In other words they are – Conseco like – faking their accounting.  And Sheila Bair is not only complicit – she is actively encouraging.

Welcome to modern banking.  

6 comments:

Kevin Kleen rpakkleen@gmail.com said...

Perhaps insurance companies had different rules or Conseco wasn't following them, but the accounting for modified loans has been pretty well settled since the last S&L crisis. A material modification is a Troubled Debt Restructure, which is a Non-Performing Asset until the payments have been made at least six months. As you suggest, I think Fifth Third may be doing some posturing by breaking their TDRs out of their NPAs. As far as I know there is no requirement to do so. Citigroup reported $12.7B in consumer NPAs for the 4Q 2008, it wouldn't be at all surprising if there were a bunch of TDRs in this category.

I wrote some more about this at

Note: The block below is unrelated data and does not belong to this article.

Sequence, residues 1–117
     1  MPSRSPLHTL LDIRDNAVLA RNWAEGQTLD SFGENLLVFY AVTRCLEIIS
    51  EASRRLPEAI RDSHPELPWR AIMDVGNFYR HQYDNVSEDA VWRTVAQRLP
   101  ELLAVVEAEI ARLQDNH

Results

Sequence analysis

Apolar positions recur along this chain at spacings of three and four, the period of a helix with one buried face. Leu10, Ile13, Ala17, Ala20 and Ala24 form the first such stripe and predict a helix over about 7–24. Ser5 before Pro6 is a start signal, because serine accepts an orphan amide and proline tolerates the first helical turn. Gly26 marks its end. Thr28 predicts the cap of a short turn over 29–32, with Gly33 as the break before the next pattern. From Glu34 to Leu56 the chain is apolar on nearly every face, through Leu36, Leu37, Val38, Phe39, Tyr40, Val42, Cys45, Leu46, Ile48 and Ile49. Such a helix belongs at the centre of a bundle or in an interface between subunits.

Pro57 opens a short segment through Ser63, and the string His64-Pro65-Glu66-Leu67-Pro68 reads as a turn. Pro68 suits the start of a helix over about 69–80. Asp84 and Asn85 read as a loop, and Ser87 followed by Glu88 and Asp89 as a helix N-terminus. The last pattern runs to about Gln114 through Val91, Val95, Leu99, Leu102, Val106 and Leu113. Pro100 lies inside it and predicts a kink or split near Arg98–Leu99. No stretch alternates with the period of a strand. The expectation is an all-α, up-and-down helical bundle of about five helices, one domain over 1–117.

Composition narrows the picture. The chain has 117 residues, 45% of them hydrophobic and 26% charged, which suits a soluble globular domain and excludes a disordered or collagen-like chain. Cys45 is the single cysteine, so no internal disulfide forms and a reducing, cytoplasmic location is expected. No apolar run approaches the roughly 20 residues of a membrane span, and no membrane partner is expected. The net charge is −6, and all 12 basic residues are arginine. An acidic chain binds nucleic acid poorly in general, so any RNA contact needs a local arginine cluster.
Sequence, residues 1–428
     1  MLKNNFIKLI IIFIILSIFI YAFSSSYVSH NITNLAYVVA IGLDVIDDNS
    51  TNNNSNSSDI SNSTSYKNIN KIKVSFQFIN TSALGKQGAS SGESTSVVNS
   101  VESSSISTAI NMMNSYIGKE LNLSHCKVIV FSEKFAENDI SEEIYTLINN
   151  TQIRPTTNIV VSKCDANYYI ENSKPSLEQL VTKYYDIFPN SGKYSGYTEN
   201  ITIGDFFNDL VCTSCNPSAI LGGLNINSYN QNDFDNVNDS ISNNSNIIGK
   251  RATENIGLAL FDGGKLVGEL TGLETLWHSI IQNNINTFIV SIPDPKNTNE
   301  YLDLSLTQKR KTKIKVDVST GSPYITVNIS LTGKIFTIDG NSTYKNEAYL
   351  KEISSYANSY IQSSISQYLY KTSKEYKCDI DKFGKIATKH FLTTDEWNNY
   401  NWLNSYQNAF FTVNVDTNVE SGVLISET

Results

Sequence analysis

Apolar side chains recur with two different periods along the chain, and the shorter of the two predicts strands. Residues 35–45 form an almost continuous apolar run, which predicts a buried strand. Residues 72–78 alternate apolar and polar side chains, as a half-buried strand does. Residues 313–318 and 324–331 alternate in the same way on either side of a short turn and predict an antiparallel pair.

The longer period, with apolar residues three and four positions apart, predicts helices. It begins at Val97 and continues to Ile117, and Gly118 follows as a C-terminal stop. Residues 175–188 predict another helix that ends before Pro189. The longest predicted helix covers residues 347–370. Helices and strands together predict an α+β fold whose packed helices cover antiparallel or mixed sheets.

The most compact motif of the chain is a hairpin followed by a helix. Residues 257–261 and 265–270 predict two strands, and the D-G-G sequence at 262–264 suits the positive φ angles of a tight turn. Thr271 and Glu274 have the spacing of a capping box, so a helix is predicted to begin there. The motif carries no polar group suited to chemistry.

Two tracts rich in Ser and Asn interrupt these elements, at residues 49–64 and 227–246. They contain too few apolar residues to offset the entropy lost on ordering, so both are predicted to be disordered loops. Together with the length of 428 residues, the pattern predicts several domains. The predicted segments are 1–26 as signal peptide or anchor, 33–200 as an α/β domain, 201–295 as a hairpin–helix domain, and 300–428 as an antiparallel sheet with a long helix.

http://residentialpropertyanalytics.blogspot.com/2009/01/workouts-101-loan-modifications-and_27.html

John Hempton said...

Kevin

I wish your comment were true. Unfortunately Conseco did the lending OUTSIDE the insurance company - and they also deferred payment of loans (and counted as current) loans made within their regulated bank. (Yes they had a regulated bank that did store credit cards for Menards and others.)

The restructure thing is also done in banks. This is a self-assessed exam and the penalty for failure is death.

If you believe what Fifth Third said in their conference call the stock is a no brainer. But the company has an incentive to lie - as do all banks with severe problems...